Murder on the Orient Express

November 11, 2017

Kenneth Branagh established his career making film adaptations of very traditional Shakespeare interpretations with very impressive production values. The idea of making Henry V and including a massive recreation of Agincourt, with all the blood, mud, grit, and horror, was revolutionary and amazing. I love that film.

So I’m not sure why I’m surprised that his Agatha Christie adaptation is very traditional, with impressive production values — the train is nearly its own character. But I confess I expected a bit more. An approach with some zing. The trailer had so much energy, with fast cuts and an impressive pounding modern rock song. I think I wanted that to carry through to the  movie. Something stylized and anachronistic and startling — given that this is very probably the most famous murder mystery in the world and we all know how it ends. But I think this movie mostly exists because Branagh really wanted to play Poirot. And that’s okay.

That might have been my most startling takeaway:  Branagh handles Christie the same way he handles Shakespeare, and that maybe Christie really does deserve to be on a level with Shakespeare, at least in terms of her impact on popular culture — she didn’t invent mystery, but she laid the foundations for its modern popularity.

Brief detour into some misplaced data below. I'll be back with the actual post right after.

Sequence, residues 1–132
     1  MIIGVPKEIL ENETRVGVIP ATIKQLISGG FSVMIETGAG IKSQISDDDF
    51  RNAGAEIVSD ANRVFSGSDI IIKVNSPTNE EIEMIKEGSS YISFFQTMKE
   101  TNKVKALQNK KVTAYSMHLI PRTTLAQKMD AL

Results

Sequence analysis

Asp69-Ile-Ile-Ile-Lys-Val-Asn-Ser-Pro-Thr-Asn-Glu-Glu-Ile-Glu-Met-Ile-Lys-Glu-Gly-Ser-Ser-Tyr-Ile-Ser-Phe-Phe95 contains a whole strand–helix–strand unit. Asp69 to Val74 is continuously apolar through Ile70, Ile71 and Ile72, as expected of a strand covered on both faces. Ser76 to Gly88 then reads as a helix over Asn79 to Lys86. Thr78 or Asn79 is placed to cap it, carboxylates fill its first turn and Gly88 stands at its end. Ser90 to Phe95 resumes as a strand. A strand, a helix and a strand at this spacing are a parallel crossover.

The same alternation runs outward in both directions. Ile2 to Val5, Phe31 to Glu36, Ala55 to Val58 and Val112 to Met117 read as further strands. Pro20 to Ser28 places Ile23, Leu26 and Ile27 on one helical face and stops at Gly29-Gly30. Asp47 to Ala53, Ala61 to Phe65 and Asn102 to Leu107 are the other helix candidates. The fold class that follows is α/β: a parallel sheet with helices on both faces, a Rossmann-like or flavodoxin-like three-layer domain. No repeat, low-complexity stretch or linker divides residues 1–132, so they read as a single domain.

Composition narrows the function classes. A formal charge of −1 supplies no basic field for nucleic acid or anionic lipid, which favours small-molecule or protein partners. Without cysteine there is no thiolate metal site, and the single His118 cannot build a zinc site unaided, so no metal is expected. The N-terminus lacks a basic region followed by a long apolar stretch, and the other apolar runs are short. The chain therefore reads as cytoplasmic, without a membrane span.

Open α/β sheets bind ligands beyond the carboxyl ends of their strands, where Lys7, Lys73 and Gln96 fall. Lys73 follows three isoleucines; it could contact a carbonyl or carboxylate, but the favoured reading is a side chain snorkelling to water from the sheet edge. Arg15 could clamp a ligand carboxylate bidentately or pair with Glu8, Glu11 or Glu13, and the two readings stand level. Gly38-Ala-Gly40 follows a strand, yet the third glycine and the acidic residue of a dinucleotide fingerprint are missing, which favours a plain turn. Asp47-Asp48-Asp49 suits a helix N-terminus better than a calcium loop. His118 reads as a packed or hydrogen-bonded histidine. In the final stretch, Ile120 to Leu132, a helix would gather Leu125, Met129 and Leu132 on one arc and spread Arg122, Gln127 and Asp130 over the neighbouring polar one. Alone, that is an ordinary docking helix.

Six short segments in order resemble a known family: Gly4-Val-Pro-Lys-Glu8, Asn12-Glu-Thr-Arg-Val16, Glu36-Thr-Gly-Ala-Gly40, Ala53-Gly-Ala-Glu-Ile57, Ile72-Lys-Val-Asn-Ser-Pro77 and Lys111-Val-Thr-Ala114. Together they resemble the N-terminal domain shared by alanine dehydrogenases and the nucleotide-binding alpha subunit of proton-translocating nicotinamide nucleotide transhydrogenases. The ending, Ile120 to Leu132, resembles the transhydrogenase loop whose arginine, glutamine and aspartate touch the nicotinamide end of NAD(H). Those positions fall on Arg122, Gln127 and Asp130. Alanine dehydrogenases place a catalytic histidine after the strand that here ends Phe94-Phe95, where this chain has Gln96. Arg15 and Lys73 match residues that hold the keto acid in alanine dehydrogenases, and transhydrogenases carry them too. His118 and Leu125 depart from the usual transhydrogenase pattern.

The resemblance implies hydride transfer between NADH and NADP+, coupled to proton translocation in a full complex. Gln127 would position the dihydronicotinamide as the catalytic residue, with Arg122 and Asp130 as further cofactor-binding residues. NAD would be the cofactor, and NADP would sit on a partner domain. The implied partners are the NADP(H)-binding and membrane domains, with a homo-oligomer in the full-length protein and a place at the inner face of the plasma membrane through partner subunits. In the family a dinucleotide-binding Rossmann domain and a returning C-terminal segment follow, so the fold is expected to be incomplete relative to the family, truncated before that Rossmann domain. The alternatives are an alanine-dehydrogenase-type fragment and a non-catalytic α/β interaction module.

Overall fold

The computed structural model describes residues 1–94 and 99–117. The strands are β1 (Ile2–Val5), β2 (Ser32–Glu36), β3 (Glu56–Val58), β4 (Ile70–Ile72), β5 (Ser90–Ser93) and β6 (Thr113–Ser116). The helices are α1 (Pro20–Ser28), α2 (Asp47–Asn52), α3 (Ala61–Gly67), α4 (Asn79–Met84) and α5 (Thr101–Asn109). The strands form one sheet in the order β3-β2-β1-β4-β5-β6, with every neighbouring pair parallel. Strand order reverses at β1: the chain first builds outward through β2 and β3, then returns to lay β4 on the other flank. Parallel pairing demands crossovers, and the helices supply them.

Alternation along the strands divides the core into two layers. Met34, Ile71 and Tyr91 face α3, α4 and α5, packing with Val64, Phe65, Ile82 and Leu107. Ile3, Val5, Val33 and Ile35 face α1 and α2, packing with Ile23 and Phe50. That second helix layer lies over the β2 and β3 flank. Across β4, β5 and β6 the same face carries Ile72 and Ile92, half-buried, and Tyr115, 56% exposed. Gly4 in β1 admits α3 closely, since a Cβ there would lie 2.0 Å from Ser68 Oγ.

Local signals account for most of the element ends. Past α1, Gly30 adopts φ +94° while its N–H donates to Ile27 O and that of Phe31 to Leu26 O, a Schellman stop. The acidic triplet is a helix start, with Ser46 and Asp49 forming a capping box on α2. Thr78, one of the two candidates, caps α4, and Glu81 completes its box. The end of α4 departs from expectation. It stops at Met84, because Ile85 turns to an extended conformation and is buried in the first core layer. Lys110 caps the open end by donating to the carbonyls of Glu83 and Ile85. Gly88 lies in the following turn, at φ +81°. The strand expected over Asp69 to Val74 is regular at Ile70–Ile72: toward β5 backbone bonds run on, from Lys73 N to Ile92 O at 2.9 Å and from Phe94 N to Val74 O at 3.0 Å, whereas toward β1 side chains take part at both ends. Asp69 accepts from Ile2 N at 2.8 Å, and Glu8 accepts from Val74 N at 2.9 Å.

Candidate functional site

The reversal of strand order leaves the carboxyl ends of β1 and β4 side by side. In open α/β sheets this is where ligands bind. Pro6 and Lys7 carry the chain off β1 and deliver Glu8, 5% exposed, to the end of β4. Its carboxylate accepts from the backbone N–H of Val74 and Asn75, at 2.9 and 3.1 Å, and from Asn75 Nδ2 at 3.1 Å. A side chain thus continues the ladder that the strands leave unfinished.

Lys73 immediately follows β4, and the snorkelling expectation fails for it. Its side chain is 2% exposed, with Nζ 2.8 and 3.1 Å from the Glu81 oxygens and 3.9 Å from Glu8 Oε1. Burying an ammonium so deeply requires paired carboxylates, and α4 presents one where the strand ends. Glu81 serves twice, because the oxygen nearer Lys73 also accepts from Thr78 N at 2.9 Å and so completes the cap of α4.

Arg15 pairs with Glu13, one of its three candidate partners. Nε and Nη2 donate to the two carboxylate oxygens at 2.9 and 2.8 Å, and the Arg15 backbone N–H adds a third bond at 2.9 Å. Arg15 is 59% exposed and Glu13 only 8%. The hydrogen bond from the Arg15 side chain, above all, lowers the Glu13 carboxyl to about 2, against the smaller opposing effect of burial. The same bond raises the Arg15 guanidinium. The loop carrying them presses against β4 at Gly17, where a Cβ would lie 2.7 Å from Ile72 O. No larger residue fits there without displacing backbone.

I should add that I’m suspicious of my own reaction to this movie, because only a couple months ago I binged the last six seasons of David Suchet’s Poirot while massively revising my own murder mystery novel (The Wild Dead, due out July ’18!) and because of that sort of emotionally clung to the character. He was comforting. And the Suchet version of Murder on the Orient Express is extraordinary. The show saved it for near the end of the whole run, and they use it to advance and develop a character arc:  this is the case that breaks Poirot, that irrevocably damages his sense that there is such a thing as concrete justice and that he will always be able to separate out the murderers from the innocent. He’s very angry here. At the end, he walks away from the train with his faith in tatters. It’s powerful, and it sets up stuff that happens right up to the last episode.

Granted, the show was able to do this because Suchet had been playing the role for decades and that’s a long time to develop a character. Branagh’s version is a safe version, a traditional version, and that’s okay, and I suspect I would have liked it more had I not just seen Suchet’s a couple months before.

 

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3 Responses to “Murder on the Orient Express”

  1. howardbrazee Says:

    It sounds like earlier all-star productions of that book. If we know the story, we go to watch the performances.

  2. carriev Says:

    Yes, that’s definitely the reason for this one. We were all happy to see Daisy Ridley get to do something non-Star Wars.


  3. Daisy Ridley also was one of the leads in the English dub of the Studio Ghibli film Only Yesterday, alongside Dev Patel. Good times. 🙂


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